9. If in real doubt, use a relocation service
Some of them are very personal and friendly, and will help you to find a flat, and to orientate you in your new surroundings. I met the owner of one, “Easy Landing“, on a plane to the UK - seems highly recommendable!

10. Find a Spanish bar to call your own
Been in a real, typical Spanish bar and felt quite at home? Make it your local. Pop in regularly for a coffee, caña, or menu del dia. The barmen/waiters will soon come to recognise you and make you feel more at home.
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Old 25th October 2006, 07:13 PM   #2
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Default another tip

To give yourself the best chance of making your new life permanent, I think it is really important to give yourself a break now and again. What with the language and paperwork and dislocation and poverty, you need to recognise that it is a huge undertaking, mentally. Not every day can lead to some great leap in understanding or other achievement. Don't be too hard on yourself.

Sometimes you just have to accept that it's the day for hiding under a blanket at home and watching English DVDs with a glass or two of wine. There is no shame in this. Your brain needs a rest.

The next day you will feel ready to carry on again with the fight.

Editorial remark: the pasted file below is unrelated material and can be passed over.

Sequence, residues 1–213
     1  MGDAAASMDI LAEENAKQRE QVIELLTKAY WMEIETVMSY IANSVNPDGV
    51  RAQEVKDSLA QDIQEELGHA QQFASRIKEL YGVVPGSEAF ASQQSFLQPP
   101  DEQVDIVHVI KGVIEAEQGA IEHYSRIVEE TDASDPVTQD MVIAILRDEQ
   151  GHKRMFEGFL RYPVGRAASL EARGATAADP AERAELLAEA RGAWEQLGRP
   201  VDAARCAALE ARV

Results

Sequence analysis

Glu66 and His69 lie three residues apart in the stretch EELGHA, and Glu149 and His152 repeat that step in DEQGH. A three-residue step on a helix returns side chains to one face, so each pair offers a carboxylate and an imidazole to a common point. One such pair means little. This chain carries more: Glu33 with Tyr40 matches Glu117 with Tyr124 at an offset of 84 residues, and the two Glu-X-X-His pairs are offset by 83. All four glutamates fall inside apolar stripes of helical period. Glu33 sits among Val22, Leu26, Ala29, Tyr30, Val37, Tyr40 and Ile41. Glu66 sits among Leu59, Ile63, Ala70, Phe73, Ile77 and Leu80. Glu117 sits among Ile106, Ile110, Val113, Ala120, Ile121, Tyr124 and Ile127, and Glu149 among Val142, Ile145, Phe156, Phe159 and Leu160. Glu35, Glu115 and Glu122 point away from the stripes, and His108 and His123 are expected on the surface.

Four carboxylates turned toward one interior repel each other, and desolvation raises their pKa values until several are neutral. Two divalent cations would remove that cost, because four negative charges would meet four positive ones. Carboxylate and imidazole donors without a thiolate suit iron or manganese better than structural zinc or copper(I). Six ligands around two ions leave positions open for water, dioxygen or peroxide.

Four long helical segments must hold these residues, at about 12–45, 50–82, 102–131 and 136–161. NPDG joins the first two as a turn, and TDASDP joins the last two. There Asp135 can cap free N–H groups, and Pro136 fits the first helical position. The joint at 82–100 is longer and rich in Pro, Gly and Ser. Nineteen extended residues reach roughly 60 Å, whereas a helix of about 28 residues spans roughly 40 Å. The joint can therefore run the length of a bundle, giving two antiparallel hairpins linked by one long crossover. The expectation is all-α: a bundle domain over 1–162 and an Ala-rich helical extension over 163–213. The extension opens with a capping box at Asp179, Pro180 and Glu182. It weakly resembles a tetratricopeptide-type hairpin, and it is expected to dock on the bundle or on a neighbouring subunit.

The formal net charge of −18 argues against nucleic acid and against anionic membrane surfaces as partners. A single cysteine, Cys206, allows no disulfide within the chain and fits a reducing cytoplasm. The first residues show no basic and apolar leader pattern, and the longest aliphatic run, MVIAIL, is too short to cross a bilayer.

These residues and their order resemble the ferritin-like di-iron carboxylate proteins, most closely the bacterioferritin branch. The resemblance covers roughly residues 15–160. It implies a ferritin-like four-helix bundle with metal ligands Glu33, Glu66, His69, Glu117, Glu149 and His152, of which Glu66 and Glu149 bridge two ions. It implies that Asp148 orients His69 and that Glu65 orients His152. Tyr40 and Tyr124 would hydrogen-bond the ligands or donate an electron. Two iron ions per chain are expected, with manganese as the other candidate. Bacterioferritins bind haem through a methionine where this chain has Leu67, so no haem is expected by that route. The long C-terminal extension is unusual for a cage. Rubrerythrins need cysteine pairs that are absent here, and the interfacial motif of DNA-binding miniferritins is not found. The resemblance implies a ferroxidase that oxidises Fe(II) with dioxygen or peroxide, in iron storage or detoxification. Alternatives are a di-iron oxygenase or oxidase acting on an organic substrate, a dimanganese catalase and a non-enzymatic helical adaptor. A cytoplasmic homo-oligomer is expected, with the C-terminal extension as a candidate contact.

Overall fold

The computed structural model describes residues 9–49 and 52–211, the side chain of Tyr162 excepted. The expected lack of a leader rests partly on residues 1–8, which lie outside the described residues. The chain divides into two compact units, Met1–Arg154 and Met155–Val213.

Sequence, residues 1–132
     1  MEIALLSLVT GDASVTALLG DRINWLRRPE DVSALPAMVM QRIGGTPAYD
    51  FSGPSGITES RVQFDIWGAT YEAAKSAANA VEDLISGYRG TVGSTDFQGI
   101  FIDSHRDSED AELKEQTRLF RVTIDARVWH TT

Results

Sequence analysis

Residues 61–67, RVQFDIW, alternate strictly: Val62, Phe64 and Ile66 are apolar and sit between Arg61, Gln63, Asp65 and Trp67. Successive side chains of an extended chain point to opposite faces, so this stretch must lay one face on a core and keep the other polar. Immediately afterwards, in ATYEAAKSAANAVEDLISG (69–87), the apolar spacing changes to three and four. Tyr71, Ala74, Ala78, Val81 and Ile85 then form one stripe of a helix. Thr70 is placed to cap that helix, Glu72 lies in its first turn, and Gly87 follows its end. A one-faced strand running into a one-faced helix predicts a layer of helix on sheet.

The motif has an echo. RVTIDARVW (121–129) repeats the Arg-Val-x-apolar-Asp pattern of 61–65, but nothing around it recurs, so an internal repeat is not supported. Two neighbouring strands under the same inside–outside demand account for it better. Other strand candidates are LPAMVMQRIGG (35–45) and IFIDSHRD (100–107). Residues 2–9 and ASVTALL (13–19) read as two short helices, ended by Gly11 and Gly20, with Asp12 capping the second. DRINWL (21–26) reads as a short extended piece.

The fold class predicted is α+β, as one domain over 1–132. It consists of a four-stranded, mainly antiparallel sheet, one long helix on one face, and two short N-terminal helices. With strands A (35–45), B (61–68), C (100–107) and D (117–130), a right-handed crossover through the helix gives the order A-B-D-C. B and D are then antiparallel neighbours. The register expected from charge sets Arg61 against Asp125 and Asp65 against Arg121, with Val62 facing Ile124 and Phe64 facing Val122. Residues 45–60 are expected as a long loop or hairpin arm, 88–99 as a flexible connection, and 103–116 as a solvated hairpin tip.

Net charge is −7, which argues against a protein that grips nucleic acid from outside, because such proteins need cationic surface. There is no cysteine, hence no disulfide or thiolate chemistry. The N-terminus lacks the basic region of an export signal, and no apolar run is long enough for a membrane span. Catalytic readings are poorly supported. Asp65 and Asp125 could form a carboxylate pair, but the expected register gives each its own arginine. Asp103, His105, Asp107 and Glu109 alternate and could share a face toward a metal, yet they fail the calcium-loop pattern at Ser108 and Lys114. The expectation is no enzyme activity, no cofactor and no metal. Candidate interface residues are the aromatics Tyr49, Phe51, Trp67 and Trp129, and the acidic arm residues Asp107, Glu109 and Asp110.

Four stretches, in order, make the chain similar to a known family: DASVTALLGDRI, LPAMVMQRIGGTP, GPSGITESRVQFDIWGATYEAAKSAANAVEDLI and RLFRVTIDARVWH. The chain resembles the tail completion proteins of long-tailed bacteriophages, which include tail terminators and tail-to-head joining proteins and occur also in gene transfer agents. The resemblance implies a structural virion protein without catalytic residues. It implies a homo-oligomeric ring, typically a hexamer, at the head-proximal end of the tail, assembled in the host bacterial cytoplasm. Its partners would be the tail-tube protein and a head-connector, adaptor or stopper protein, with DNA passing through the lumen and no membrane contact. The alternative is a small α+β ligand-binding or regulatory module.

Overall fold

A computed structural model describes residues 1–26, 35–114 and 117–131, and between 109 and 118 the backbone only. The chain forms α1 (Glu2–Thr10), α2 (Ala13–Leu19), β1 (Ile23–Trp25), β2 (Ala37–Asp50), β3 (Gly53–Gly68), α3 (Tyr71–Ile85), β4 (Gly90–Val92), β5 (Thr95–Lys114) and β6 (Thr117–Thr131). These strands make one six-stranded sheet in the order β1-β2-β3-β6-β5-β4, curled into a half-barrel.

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Old 25th October 2006, 09:34 PM   #3
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Good point. I had a night in watching English language DVDs after 2 weeks! I'll try not to duplicate the point, but it's worth it!
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Old 25th October 2006, 10:17 PM   #4
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i must have missed an entry from you, but it looks like your location is back in Scotland?

I just got back from Glasgow this weekend as it happens.

So how was your time in Spain? Do you feel like you learnt much from it? Let me know if you've already gone through this in another post.

Hope it proved to be a good trip
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Old 18th March 2008, 12:21 PM   #5
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This is a great summary. I would like to add one point if I may:

Lose your fear of talking to people. People love it when you make the effort to speak in their language, and talking is a very important part of the Spanish culture.

At some point, you might come across someone who makes fun of your accent for instance. In this case it is very easy: this person is not worth knowing, ignore them. Unless it is your boss of course...